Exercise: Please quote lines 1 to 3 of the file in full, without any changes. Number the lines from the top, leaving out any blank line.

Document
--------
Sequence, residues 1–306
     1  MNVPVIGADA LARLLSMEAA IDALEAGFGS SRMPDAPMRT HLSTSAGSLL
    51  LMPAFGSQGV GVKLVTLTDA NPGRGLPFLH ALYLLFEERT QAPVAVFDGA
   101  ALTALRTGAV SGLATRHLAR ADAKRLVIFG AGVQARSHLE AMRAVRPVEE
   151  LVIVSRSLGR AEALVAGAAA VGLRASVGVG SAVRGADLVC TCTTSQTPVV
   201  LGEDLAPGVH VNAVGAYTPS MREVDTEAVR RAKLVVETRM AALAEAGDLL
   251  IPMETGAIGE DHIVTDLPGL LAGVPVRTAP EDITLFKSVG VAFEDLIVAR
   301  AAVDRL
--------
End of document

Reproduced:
Sequence, residues 1–306
     1  MNVPVIGADA LARLLSMEAA IDALEAGFGS SRMPDAPMRT HLSTSAGSLL
    51  LMPAFGSQGV GVKLVTLTDA NPGRGLPFLH ALYLLFEERT QAPVAVFDGA